Written by: Jack Jordan

The black one contains the incense of his cremation:
       the fragrance of hair become ash, 
       shreds of flesh lost among the sorting of the parts, 
       grindings of those that didn’t burn.
A bowl of gold nuggets reshaped in fire;
	jewelry for the bereaved.
Another, fashioned from prayer and smoke, 
	holds a rosary and a cross.
	(Was he a believer?).
In the plain envelope, the one with the string tie, 
       are photographs and small paintings of his women; 
       some he didn’t know.
That one is made of ice. Windings, stained cotton sheets, 
	imprints of last bodies can be found there.
The silvered one, the hemisphere, hides a woman’s breasts; 
       the oval box the curve of her body from breast to knee;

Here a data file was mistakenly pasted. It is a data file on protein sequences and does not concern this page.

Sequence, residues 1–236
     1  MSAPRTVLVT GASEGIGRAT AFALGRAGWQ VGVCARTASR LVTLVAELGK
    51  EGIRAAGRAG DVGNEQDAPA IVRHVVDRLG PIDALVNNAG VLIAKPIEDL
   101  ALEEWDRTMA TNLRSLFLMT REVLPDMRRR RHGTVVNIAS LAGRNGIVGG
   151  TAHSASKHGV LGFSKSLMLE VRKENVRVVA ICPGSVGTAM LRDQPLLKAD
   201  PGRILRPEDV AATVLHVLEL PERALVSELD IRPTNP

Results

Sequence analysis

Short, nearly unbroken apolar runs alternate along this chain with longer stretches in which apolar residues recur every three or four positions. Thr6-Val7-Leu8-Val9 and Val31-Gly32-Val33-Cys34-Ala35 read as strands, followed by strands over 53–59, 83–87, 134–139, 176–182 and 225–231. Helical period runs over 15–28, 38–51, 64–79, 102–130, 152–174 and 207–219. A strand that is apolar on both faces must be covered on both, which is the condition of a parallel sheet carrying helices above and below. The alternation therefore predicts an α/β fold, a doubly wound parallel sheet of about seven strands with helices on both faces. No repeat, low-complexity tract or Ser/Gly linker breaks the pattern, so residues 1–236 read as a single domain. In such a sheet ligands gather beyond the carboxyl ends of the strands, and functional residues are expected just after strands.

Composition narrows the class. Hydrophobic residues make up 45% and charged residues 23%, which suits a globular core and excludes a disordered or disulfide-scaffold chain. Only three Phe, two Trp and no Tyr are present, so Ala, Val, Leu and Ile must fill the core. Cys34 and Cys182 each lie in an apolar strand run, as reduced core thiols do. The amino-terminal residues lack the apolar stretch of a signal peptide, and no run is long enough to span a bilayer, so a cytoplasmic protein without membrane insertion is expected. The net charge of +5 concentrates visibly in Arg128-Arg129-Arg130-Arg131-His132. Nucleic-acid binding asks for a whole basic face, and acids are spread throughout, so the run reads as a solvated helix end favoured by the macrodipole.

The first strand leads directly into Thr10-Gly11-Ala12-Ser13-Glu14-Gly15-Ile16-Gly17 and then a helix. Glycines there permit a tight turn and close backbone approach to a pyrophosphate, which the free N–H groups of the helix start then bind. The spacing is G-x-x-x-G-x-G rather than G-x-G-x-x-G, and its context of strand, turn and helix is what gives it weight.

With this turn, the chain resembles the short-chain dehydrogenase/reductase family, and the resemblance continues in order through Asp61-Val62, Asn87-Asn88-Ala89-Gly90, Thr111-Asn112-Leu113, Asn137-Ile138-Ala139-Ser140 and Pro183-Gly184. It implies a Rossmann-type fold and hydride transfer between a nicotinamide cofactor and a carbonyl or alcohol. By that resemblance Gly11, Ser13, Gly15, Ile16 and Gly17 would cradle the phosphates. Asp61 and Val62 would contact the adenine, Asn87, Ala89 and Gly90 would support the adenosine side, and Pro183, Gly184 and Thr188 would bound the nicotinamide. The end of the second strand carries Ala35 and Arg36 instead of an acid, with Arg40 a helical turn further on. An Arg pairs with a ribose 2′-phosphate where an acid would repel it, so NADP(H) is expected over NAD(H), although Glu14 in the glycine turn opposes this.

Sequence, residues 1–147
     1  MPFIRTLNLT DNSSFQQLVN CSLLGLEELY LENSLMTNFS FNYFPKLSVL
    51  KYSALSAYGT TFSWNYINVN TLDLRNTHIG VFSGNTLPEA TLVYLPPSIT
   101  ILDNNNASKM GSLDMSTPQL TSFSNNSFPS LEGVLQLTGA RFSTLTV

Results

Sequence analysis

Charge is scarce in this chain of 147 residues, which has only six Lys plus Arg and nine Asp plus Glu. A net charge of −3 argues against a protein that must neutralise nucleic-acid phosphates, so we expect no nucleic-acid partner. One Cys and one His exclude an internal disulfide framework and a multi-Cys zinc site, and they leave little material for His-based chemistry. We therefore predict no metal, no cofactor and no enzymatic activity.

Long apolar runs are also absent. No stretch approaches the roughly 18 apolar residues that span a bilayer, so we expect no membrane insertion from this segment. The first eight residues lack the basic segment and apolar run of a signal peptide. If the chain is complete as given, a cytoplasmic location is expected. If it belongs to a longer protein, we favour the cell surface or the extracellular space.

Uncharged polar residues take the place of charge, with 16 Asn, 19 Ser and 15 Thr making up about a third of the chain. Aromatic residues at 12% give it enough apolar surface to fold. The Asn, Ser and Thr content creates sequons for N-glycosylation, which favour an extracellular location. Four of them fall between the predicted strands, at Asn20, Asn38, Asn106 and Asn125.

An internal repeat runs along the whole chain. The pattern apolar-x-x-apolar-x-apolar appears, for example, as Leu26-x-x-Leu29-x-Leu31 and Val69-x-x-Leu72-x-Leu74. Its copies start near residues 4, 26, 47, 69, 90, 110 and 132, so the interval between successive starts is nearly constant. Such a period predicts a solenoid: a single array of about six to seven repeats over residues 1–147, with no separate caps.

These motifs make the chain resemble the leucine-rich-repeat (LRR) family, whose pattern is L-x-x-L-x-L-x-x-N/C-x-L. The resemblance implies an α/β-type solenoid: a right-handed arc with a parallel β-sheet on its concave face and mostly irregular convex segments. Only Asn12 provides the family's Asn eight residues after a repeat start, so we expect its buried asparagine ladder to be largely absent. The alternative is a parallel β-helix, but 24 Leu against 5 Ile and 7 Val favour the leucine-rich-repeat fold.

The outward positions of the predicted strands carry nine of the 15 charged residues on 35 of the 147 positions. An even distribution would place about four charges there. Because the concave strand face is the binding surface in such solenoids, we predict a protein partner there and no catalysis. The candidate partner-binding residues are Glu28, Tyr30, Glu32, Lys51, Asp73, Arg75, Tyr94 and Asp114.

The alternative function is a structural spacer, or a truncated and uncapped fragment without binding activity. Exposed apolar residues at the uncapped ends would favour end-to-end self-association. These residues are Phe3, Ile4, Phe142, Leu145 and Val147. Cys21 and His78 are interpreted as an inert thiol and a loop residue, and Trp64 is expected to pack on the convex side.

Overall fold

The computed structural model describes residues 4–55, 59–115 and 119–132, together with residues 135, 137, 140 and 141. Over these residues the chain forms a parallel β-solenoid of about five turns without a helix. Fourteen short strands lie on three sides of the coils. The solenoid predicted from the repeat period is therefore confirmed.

the one of marble holds knees to ankles. 
       Her feet and head? He sold them to a collector.
Take care with that one. It holds his souls, one for each face.
	(Do souls have weight?)
Arrange the boxes for me, will you? Put them in a life’s order. 
       Will you begin with the one, 
       and then the other, 
       and the third becomes the ghost?
I come back to the resolved:
	his is the humility of the commonplace, 
        refuge of the soon forgotten,
        a natural process.